The breathtaking changes in the marketplace have posed challenges to many companies in how they run their business. These shifts are impactful.
1. Self-help—customers are happy to be in control and take on tasks which used to be performed by employees. A business needs to gauge which tasks are useful to transfer by providing the capability in the simplest form.
2. Informed customers—it is not surprising that customers are more knowledgeable than the sales reps these days. It is not a good customer experience when the rep is unable to address questions. This demands ongoing training to keep the reps abreast of the company’s products and services and its competition’s.
3. Abundant choices—loyalty to an incumbent company diminishes when there are so many good options. The offerings from new players often take the products and services to a new level, making it more challenging to the incumbent companies to be innovative and stay relevant.
4. Speed—this is about get to a prospect first with an appealing product or service when the need arises. Easy access to information has made it easier for comparison shopping. However, customers tend to look at what they could find quickly and make a decision. Being able to define clearly the target market and knowing how best to reach out are necessities.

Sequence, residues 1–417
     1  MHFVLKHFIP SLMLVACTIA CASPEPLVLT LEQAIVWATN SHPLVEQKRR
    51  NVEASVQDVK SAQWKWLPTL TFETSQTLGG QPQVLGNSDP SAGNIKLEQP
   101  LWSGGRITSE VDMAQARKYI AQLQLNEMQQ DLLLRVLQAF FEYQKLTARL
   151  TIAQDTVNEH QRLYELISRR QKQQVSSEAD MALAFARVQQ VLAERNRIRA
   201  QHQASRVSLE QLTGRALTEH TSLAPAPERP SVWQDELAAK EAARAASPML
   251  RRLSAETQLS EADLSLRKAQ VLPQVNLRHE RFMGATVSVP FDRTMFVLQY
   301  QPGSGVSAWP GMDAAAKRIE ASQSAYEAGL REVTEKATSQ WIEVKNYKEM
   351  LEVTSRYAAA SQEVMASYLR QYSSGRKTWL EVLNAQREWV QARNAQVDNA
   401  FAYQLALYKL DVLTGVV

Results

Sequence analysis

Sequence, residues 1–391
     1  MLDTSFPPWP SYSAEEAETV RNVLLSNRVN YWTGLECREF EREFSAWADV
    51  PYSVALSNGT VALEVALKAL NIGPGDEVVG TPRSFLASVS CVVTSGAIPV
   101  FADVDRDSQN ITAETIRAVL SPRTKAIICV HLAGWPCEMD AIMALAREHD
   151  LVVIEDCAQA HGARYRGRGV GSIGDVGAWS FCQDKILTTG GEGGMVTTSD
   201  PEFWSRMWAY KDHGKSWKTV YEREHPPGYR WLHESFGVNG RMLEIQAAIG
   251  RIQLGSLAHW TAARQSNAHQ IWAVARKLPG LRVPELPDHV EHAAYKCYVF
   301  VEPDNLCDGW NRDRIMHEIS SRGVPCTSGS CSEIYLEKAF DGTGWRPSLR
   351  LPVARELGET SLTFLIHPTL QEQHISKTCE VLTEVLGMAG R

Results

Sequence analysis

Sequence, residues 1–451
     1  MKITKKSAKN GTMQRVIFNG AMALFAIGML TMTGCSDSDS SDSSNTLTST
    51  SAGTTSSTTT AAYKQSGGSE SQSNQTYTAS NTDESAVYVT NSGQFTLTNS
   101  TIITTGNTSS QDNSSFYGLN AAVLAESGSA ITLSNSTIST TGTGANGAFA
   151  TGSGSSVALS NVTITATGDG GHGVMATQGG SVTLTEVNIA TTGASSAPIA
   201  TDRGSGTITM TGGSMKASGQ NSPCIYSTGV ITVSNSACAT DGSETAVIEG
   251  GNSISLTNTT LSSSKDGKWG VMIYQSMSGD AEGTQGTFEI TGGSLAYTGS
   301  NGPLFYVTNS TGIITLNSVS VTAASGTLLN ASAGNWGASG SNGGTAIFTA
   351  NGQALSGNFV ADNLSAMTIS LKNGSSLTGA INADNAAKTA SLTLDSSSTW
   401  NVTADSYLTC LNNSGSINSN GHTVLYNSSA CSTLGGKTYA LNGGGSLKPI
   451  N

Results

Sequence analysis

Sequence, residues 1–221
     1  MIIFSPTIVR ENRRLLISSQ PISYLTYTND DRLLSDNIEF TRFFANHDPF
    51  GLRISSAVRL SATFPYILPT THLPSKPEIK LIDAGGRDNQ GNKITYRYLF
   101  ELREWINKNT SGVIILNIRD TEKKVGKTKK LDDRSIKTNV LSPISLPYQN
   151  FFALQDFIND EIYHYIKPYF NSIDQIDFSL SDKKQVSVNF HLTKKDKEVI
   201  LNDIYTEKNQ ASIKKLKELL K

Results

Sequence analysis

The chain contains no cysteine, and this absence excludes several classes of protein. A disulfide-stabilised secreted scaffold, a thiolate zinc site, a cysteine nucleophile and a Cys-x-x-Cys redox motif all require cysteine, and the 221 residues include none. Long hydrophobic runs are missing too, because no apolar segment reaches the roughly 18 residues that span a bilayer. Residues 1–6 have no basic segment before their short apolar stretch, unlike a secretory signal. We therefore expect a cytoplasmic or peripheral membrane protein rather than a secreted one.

5. Voice of the masses—social media has elevated the challenge around communication management. There is little barrier for an unhappy customer to inform the rest of the world about poor service and lousy products. Be prepared to address any negative message, justified or not. Timeliness is of essence.
6. Complementary offers—it is getting more difficult to be ‘unique’ in what a company offers. Those who understand the customer’s needs and are able to anticipate complementary needs would have an advantage. This calls for frequent conversations with the customers to stay informed on what is relevant.
7. Omni-channel experience—it seems trivial that all the customer touch points need to offer consistent experience. Unfortunately, it remains a challenge as companies add new channels in an ad hoc fashion. If the backend technologies are not up-to-par, it is better to hold off the launch of a new channel until you are ready rather than offering mediocre and inconsistent experience. It just might be the fastest way to lose customers.
8. Change adoption—the window available to develop and implement change gets shorter. A multi-year initiative risks obsolescence, leading to high cost and potential rework. A complex and convoluted operating model poses a significant hurdle to transformation. Simplification is the best way to minimize the problem.
9. Technology ownership—technology expertise is a fast-changing asset. It is costly for a company to continually develop its employees when knowledge gets out-dated quickly. There is a fine balance between what needs to be done in-house and what makes sense to outsource. It is not strategic to have technology to be an Achilles heel in advancing the business.
10. Comprehensive job role—the tools available nowadays offer powerful functionalities. This enables employees to access more information, allowing them to take on comprehensive tasks. The skillsets and aptitude of the employees need to change accordingly. Flexibility and drive are important qualities.